Black media and agencies unite to get their consumers a fair shake
(September 12, 2012) Black media and ad agencies have had enough...
...enough of seeing their efforts taken for granted to help marketers
better understand the black consumer.
...enough of working with budgets that have always been slivers and are
...enough of seeing the black consumer misunderstood and far too many
mainstream marketers resolving to stay in the dark rather than "get it."
For years, black media companies, ad agencies (and yours truly) have
made the case over and over about the value and cultural capital that
black consumers bring to the marketplace.
We've conducted large-scale independent segmentation studies that reveal
how blacks are not only different from mainstream consumers, but also
different from each other in meaningful ways.
We've shared ROI best practices and paraded, in both black and
mainstream media, success stories from respected senior-level corporate
execs who "get it."
We've shared videos of black consumers telling their stories about the
importance of black culture and how they are pained by the stereotypes
in ads that continue to show up.
We've told our story in countless publications and documentaries, and
there are hundreds of books about black culture, black differences and
black insights. (I've written two myself on black cultural marketing.)
And still the majority of marketers say "no" to this segment.
So, this summer large black-owned communications companies partnered
with several major media firms to launch a history-making black media
and marketing consortium. They are launching a revolutionary #INTHEBLACK
campaign to encourage increased investment in the African-American
consumer marketplace, while helping companies reach the African-American
audience more effectively.
(Partners include BET Networks, HuffPost BlackVoices, Black Enterprise,
Burrell Communications, Cable Advertising Bureau, Essence
Communications, GlobalHue, Inner City Broadcasting Co., KJLH Radio,
Johnson Publishing Co., National Association of Black Owned
Broadcasters, Nielsen, North Star Group, National Newspaper Publishers
Association, One Solution, Radio One, TV One, Interactive One, Reach
Media, Steve Harvey Radio, The Grio, The Root, The Africa Channel,
UniWorld Group, Vibe Media and Walton Isaacson.)
Big yawn? I know.
Although the #INTHEBLACK consortium campaign would appear to be the
first, according to coverage in media like The New York Times, we've
been here before. The Black Owned Communications Alliance (BOCA) was
formed and fizzled in the early 1980s. It is most remembered for the
powerful Superman consumer ad created by then JP Martin Associates in an
effort to speak to consumers and the industry about a lack of positive
images of blacks in the media.
In 2009, a small group of black agencies formed The Association of Black
Owned Advertising Agencies. Eugene Morris and Howard Buford, president
and vice president respectively, of the association, wrote an open
letter in Big Tent to announce their organization and "request a meeting
with senior leadership of the ANA in order to open a substantive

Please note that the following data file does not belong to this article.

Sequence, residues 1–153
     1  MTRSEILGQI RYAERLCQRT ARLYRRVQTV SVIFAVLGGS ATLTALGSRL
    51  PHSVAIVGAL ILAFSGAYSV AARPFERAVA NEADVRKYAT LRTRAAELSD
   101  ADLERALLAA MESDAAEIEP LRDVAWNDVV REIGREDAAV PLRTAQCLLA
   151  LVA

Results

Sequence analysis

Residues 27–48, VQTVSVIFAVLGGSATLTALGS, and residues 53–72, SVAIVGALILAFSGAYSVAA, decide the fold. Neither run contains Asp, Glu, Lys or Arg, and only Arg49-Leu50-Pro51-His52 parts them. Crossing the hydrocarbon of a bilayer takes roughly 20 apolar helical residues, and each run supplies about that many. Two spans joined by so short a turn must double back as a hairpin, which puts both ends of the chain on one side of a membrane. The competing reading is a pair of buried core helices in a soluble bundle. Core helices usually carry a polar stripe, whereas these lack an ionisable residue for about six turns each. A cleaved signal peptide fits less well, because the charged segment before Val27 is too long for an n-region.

dialogue about how to bring black-owned agencies into the mainstream."
We've not heard from them since.*
Black media and ad agencies are way behind Latino and Asian marketing
and media companies, which formed associations years ago. Nonetheless, #INTHEBLACK
organizers vow that this effort is different. How? Three ways:
The collaboration of black advertising agencies and media is historic.
"As a collective, we are better positioned to demonstrate the value of
targeting the black consumer audience and partnering with leading
brands, to help them succeed," said Debra Lee, chairman and CEO for BET
The emphasis is not only on advertisers, but black consumers, who fail
to understand their power. "The lessons learned from BOCA [Black Owned
Communications Alliance] -- to keep black consumers engaged-- is
critical to this effort," says Ken Smikle, CEO of Target Market News.
Smikle has a point. Syndicated radio host Tom Joyner has had success
encouraging listeners to boycott companies such as Comp USA, which
wasn't advertising on black radio stations; Christies; which had decided
to auction slave paraphernalia and not Holocaust items; and Katz Media
Group, which had asked its salespeople not to sell air time for black
Opportunities will be pursued in cyberspace. In addition to traditional
media, targeted digital platforms will be used to communicate with
advertisers and consumers. In particular, black social networks and the
powerful black blogosphere -- not available to BOCA back in the day --
are critical to this effort as thousands of black consumers are
motivated and galvanized via conversations that are often different from
"#InTheBlack is the first industry-wide effort of its kind, and is long
overdue. It's getting to the point of ridiculousness in terms of the
budget allocated to the African-American audience," said Don A. Coleman,
chief executive of GlobalHue, a multicultural advertising agency, as
reported in The New York Times.
Pepper Miller is the founder and president of The Hunter-Miller
Group, Chicago. She is author of "Black Still Matters" and co-author of
"What's Black About It?"
*CORRECTION: According to emails provided by the ANA, the group did
respond to the open letter.
Go to Target Market News homepage
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